The dieter's guide to eating Thai

The flavours of Thailand are becoming more familiar and popular as more of us are discovering the subtle essence of Thai cookery.

Thai cooking relies on the principle of balancing five primary flavours - representing the five essential elements of our bodies, according to traditional Oriental medicine, to produce flavoursome and aromatic food.

Ingredients such as chilli, garlic, ginger or milder galangal, lemon grass, kaffir lime leaves, coconut, nam pla or fish sauce and coriander, as well as sugar and lime juice, are all frequently used to produce the salty, sweet, sour, hot and bitter primary flavours.

The wealth of steamed and stir-fried vegetable, fish and white meat dishes ensure that Thai food is a ‘go’ area for those of us watching our waists. Meals are often based around rice or noodles and all the courses of a Thai meal are served at once, so many different flavours can be enjoyed together.

Portions are small and there are many healthy choices. But, as ever, there are some ‘no-go’ foods on every menu.

Starters & Salad

Salads are probably a better option than starters as many starter dishes are deep-fried, such as egg rolls (po pia tod), spring rolls (paw pia sod) or fried tofu (tao hu tod), or are lavished with peanut sauce (satay) – never a low-fat option! Spicy chicken or mushrooms (larb gai or larb hed) could be a good option for anyone going all the way!

Salads are many and varied – cucumber features heavily (yum tang kwa), as do beans and bean sprouts (yum wun sen), fruit and vegetables such as cabbage, prawns or shrimp and thin strips of meat and poultry.

Dressings aren’t as rich or creamy as often seen in Western cookery – in fact, dairy products are seldom used in Thai cookery, but should still be served on the side.


Hot, clear soups with chicken (tom yam gai) or prawns (tom yum gung) are good options as they are very, very tasty while being low fat and low cal. Avoid soups based on coconut milk, such as chicken coconut soup (kai tom kha) or those with deep fried wontons (keow nam).

Noodles and Rice

Noodles are eaten both as a main dish in their own right and as an accompaniment to curries. They are often steamed or rapidly stir-fried and these are definitely a good option as they generally contain lots of veggies, white meat or fish, and aromatics. One to watch, however, is mee krob – deep-fried egg noodles.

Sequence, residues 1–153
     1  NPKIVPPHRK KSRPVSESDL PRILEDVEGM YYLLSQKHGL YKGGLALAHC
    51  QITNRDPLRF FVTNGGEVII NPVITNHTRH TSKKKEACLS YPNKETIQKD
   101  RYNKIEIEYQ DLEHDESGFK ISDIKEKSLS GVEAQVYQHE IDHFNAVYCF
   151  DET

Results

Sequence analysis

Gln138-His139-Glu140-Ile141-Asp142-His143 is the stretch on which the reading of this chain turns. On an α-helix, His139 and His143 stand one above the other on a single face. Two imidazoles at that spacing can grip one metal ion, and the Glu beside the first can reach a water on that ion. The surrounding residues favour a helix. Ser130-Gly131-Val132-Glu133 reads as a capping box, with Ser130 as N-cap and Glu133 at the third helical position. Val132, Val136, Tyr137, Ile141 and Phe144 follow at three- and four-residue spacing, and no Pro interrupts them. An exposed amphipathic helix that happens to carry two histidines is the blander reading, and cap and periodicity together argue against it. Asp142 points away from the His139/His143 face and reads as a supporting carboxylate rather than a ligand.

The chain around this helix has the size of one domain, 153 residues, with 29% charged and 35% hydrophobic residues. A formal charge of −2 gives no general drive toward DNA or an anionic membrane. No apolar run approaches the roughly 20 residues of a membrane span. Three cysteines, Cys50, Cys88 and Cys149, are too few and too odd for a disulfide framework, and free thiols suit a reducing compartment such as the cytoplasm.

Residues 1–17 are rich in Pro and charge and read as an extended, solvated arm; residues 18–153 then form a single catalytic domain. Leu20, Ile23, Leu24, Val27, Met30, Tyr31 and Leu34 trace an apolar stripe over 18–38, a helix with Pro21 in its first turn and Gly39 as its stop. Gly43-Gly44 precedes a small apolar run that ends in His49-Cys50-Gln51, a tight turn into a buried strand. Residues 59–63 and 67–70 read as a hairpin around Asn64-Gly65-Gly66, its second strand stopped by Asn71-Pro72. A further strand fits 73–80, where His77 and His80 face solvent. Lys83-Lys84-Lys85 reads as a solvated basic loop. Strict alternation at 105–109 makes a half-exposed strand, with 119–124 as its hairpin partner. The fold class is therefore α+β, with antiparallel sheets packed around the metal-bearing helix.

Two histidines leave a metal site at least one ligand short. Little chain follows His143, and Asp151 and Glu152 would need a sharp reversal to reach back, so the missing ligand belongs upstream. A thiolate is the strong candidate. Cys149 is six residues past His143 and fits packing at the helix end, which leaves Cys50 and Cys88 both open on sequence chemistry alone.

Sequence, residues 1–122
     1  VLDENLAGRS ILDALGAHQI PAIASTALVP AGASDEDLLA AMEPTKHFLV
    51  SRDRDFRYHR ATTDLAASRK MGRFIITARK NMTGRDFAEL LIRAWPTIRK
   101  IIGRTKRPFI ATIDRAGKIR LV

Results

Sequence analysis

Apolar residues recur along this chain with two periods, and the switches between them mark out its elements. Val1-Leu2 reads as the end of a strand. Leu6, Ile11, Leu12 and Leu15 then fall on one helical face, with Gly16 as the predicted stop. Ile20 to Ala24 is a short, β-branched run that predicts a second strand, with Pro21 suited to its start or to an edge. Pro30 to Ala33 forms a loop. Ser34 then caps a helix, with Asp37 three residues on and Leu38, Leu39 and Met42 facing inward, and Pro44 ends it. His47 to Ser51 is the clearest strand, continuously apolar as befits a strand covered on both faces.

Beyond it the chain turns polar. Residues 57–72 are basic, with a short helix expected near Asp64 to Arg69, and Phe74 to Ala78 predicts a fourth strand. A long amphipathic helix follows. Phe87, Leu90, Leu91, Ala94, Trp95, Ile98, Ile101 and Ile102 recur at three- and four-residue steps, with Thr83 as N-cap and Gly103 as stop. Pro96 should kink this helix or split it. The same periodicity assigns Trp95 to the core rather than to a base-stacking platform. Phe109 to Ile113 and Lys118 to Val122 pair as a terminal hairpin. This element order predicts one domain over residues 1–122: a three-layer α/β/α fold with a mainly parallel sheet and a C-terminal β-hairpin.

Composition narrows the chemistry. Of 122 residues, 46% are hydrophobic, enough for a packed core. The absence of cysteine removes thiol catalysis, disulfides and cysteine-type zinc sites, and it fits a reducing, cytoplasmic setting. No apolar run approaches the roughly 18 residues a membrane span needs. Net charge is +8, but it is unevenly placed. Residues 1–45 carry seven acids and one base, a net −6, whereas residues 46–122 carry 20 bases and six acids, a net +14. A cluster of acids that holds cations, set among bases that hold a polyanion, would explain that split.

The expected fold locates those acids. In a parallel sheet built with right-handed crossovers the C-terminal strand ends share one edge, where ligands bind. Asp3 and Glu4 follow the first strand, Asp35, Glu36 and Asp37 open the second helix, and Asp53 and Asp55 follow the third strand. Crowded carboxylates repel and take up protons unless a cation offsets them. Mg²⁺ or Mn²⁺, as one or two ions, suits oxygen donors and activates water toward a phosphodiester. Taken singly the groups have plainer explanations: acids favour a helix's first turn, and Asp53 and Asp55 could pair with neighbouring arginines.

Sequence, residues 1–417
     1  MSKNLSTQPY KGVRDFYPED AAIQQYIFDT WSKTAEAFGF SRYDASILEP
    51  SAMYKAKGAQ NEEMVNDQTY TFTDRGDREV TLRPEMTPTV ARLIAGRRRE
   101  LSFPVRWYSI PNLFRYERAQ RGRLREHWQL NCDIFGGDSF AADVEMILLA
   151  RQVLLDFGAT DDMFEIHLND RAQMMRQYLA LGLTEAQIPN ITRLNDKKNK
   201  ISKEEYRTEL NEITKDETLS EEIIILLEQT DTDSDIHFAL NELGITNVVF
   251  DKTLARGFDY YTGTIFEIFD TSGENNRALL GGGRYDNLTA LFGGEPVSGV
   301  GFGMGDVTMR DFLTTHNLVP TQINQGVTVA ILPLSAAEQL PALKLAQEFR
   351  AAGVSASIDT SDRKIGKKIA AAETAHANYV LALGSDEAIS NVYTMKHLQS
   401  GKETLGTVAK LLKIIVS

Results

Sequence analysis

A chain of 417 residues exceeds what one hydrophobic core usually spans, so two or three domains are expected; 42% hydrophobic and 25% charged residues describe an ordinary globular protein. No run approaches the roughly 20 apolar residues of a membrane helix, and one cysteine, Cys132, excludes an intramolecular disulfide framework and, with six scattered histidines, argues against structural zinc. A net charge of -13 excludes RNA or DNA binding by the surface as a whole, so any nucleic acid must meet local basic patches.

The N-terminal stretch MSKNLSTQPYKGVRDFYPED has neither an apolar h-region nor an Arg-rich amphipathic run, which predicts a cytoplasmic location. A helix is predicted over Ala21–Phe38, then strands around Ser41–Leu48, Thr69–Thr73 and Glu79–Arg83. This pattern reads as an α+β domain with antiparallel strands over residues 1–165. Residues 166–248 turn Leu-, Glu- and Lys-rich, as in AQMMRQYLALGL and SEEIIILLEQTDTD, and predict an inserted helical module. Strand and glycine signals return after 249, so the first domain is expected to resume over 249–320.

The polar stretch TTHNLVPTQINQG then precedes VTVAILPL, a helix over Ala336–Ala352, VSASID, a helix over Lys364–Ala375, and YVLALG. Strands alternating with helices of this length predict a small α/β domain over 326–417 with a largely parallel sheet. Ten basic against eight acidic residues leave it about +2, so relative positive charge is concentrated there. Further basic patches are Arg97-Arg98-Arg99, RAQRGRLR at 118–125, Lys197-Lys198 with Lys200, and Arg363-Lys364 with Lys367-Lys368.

Rice is a good option, too, if you go for the fragrant, steamed variety. However, rice cooked in coconut milk is loaded with fat AND saturated fat!


Green curry (gaeng khiad wan) is the hottest of the Thai curries, followed by the more mellow yellow curry (pad pung kari) and sweeter red curry (gaeng phat).

Other varieties include mutsaman curry, flavoured with cardamon, cinnamon and peanuts and panang curry, which balances many distinctive flavours. Unfortunately, these curries are often based on coconut or peanuts so stir-fried dishes are a better option.

Stir-fried meat and fish

The quick cooking and healthful ingredients makes these the dishes to go for, whether with chicken (gai), prawns (gung) or beef (neur). However, try to steer clear of stir-fries with nuts, satay sauces or coconut.


Thai desserts are often sticky rice creations based on coconut milk – the less said about these the better! A healthy diner would be much better off opting for tea, either spiced or iced, instead of one of these calorie-laden puddings.

So the next time you head to your local chilli club, bear these guidelines in mind: beware of deep-fried starters, watch out for the peanuts, satay and coconut and steer clear of sticky, starchy sweets.

Instead, go for salads, hot clear soups, stir-fries with loads of veggies and refreshing tea for afters. This leaves you with plenty of choices to spice up your evening out without making a complete noodle of your diet!

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